Why are you confused? I do not see the confusion...I can be flexible....NO SUBSCRIPT DESIGNATIONS....I can remove Cv and Cp...and set it up as follows:
OK so do it this way:
Heat Capacity of the Calorimeter:
In calorimetry it is often desirable to know the heat capacity of the calorimeter itself rather than the heat capacity of the entire calorimeter system (calorimeter and water). The heat (q) released by a reaction or process is absorbed by the calorimeter and any substances in the calorimeter. If the only other substance in the calorimeter is water, the following energy balance exists:
q = qcal + qw
where qcal is the heat flow for the calorimeter and qw is the heat flow for the water.
Both of these individual heat flows can be related to the heat capacity and temperature change for the substance.
qcal = Ccal ΔT
qw = Cw ΔT
where Ccal is the heat capacity of the calorimeter and Cw is the heat capacity of the water. Because the water and calorimeter are in thermal equilibrium, they both have the same temperature and thus ΔT is the same for both. The consequence is that the heat capacity of the entire system (C) is the sum of the heat capacities for the individual components.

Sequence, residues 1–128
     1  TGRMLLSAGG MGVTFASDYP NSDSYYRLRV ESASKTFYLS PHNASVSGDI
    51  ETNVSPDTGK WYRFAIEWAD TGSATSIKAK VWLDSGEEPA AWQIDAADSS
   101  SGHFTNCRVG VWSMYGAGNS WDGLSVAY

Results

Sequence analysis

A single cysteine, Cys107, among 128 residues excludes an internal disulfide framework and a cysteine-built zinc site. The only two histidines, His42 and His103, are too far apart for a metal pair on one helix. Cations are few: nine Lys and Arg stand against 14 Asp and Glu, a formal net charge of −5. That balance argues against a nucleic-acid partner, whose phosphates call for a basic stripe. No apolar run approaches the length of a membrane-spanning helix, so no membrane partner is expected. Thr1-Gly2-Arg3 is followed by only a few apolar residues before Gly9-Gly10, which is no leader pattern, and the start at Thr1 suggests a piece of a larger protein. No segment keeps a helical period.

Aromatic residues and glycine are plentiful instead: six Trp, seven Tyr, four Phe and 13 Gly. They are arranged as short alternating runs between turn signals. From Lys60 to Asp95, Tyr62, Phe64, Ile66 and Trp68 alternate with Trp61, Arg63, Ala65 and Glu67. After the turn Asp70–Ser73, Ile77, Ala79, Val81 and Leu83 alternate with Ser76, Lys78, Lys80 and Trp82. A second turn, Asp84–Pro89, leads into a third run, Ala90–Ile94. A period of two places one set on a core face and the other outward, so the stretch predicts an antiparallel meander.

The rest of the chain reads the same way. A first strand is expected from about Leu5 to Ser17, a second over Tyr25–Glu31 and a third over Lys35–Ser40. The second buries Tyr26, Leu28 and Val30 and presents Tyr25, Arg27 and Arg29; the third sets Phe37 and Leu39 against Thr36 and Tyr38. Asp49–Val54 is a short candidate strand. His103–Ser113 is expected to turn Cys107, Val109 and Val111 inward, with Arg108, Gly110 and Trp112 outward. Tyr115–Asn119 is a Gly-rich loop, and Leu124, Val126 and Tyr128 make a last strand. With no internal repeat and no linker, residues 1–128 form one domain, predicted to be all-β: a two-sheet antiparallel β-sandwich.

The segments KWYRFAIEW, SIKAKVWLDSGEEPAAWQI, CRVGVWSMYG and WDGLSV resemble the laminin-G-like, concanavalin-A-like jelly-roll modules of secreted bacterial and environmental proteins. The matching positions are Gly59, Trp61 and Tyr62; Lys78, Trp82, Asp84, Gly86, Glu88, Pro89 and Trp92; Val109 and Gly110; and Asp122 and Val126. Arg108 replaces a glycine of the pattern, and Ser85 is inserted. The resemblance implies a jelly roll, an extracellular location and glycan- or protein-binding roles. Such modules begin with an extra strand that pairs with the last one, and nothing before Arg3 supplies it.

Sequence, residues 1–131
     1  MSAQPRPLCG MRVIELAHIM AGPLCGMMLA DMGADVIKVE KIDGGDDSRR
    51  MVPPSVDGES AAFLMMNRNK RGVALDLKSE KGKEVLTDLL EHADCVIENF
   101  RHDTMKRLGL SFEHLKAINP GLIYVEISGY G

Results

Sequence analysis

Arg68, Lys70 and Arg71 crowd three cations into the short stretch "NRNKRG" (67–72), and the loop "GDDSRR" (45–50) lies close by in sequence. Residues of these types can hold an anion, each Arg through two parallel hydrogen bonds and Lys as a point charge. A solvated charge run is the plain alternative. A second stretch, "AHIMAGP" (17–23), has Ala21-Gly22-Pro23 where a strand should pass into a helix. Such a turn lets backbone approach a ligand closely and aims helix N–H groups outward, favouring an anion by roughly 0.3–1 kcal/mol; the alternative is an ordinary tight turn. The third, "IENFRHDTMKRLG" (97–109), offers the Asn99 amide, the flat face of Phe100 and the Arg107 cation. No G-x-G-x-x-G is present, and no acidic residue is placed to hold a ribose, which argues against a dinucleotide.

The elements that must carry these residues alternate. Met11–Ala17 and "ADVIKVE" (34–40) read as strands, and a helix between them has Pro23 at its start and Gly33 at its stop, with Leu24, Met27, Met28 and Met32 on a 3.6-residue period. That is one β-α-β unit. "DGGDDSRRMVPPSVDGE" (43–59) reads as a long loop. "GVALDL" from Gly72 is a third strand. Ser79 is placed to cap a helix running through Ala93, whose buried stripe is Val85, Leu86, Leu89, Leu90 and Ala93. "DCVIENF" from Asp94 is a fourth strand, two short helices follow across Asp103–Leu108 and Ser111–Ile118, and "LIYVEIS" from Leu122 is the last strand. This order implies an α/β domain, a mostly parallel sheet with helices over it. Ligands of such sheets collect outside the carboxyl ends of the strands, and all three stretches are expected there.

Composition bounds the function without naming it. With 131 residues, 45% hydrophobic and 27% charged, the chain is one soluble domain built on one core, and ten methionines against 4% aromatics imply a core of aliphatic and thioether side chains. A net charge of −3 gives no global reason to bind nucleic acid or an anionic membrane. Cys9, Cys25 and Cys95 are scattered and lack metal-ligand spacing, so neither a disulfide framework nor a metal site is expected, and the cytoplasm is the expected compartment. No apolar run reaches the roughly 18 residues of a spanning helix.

C = Ccal + Cw
The heat capacity is an extensive property; that is, the heat capacity depends upon the amount of substance present. The calorimeter exists as a fixed unit, thus its heat capacity is a fixed value. The amount of water in the calorimeter, however, can vary, and thus the heat capacity of the water can vary. When dealing with variable amounts of material, one often prefers to use an intensive measure of the heat capacity. One common intensive version of the heat capacity is the specific heat capacity (s), which is the heat capacity of one gram of a substance.
s = Cw
Because the mass of water (mw) and the specific heat capacity of water are both known, you can readily calculate the heat capacity of the water. The specific heat capacity of water (sw) is
sw = 4.184 J oC-1 g-1
Overall one can write
C = Ccal + sw mw